John Fithian, president of the National Association of Theatre Owners, told this week's ShoWest that release windows are the industry's top priority. He speaks for the majority of exhibitors in his alarm that the average window between theatrical and home release slipped last year by 10 days, to four months and eight days.
The consolation that windows are eroded most for under-performing theatrical releases, while bigger grossing films have much longer theatrical lives, is not taken as much comfort.
Release windows remain the most divisive issue in the distribution-exhibition end of the business. The disputes in Italy, Germany and the UK are just the most visible signs of an issue that is always bubbling beneath the surface.
This week, academic research from Bauhaus-University of Weimar (Germany), Cass Business School (London) and the universities of Hamburg (Germany) and Missouri-Columbia (US) tried to bring some science to the most emotive of topics.
The study crunched some 800-900 scenarios on different release times in the US, Japan and Germany to find the optimum release times for distributors and exhibitors.
Naturally, the headlines were dominated by the finding that a complete removal of the window between theatrical release, DVD rental and video on demand (VoD) would bring significant income benefits for the distributor - 16% revenue rises in the US, 14% in Germany and 12% in Japan.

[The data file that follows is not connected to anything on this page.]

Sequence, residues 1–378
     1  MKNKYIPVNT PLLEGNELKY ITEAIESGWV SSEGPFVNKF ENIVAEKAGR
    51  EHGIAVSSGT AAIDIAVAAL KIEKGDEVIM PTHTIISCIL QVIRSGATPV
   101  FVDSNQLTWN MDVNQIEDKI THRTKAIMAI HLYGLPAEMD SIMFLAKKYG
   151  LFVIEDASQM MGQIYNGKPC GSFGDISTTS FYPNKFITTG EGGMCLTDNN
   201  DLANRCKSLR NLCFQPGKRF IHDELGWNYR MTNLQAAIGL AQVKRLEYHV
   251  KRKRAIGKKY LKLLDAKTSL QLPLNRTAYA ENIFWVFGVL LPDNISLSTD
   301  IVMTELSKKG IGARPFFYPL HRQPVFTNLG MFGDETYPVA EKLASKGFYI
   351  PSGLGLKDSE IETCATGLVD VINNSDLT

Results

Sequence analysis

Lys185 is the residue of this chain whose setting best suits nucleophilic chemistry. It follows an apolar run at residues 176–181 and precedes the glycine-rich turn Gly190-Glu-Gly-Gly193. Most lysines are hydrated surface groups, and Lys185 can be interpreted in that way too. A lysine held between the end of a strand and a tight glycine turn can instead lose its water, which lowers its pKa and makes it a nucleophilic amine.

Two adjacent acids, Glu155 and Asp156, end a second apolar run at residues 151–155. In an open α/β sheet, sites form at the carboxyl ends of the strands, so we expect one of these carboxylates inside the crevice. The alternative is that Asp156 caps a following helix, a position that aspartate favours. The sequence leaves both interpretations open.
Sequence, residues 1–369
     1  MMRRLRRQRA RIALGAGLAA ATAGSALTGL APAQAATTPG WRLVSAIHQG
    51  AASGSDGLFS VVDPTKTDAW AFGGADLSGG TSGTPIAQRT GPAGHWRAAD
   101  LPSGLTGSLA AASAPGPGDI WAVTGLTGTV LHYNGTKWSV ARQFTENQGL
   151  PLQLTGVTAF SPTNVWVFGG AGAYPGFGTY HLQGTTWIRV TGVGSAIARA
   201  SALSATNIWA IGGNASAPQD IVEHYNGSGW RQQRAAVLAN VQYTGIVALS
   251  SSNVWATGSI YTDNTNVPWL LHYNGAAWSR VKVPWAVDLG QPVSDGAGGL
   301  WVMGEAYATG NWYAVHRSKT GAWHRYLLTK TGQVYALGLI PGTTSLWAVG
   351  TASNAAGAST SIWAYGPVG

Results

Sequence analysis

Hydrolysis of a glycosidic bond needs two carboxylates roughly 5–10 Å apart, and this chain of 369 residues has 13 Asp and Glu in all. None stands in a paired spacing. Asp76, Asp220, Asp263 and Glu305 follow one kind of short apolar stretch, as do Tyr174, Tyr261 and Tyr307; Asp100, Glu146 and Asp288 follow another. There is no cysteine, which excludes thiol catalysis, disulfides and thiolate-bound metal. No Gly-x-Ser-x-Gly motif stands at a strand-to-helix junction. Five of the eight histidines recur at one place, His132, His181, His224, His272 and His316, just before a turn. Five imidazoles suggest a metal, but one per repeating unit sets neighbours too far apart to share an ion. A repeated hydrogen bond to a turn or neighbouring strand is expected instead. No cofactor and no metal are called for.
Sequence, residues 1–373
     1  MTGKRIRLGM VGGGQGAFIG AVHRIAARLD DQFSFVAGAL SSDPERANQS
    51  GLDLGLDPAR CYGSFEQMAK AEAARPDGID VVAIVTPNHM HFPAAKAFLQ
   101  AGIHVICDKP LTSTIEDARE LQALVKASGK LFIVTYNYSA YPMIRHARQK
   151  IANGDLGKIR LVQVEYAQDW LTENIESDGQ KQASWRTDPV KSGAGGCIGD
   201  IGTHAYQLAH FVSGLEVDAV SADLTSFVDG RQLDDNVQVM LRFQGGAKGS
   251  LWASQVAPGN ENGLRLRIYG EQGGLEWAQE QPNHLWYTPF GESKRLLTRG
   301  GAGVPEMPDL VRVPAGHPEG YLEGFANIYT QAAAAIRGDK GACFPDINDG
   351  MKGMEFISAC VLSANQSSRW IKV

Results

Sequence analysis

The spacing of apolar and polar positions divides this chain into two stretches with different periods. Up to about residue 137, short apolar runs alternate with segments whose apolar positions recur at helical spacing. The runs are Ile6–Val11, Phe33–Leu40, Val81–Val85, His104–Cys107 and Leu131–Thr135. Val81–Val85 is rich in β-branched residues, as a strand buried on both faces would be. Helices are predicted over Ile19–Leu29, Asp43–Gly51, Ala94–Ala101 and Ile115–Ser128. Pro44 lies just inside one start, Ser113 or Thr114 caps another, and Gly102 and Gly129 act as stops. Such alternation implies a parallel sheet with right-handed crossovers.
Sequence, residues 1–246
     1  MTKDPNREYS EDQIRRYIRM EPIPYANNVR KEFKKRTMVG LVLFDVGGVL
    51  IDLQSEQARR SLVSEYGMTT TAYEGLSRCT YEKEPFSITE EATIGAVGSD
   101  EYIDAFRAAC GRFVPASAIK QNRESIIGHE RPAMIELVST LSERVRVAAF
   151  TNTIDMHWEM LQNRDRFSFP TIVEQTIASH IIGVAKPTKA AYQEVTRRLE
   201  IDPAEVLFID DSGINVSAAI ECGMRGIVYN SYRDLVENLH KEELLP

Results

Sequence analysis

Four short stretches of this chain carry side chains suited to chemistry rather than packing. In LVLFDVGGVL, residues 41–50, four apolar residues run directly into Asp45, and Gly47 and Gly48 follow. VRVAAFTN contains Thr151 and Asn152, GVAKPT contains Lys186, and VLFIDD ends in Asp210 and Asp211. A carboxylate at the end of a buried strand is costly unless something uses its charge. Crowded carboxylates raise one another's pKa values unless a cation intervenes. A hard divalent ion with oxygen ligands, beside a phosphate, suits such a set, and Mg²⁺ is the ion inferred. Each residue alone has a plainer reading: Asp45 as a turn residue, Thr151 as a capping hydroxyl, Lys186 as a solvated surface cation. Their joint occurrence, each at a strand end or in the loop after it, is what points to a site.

The fact that the numbers vary is significant, says lead researcher, Thorsten Hennig-Thurau, professor of marketing at Bauhaus and Cass. 'The cultural differences are important ... What works in American does not necessarily work in Germany,' he says.
To complicate matters still further, the model does not take into account the relationship between distributor and exhibitor. Number crunching can show that collapsing windows are likely to increase distributor revenues while taking away 40% of exhibitor takings.
What it does not show is the effect of open warfare and boycotts between studios and theatre owners, or indeed the impact of closing cinema businesses - a fact recognised by the authors.
While it does not make for the same sexy headlines, the more significant area of the study - which carried out more than 1,700 consumer interviews - may be the areas of 'win-win' where revenues rise across the board.
In the US, the win-win scenario is a three-month gap to DVD retail and six months to DVD rental and VoD, while in Germany the VoD window is stretched to 12 months.
Professor Hennig-Thurau says the study showed the complexity of the issues involved.
'What concerns us is that the issue has so far been gut-driven where there has been no kind of model. We hope to bring some logic to the discussions.'
That sense of common purpose is important, says Tim Richards, CEO of Vue Cinemas, which operates more than 50 sites in the UK, Ireland and Portugal.
'My priorities are first piracy, then digital, and release windows come a distant third,' he says. 'And the first two rely on good relationships between distributor and exhibitor. We are in a partnership where we all benefit from open discussion.'
He believes the release windows problems are already in the process of being resolved, which is significant from one of the exhibitors involved in the recent UK boycott of Fox's Night At The Museum.
'I am one of those who have said that four months is the rule, but the reality is that it's not set in stone. We can all be flexible,' says Richards. 'I don't lose sleep over release windows, but I do over piracy.'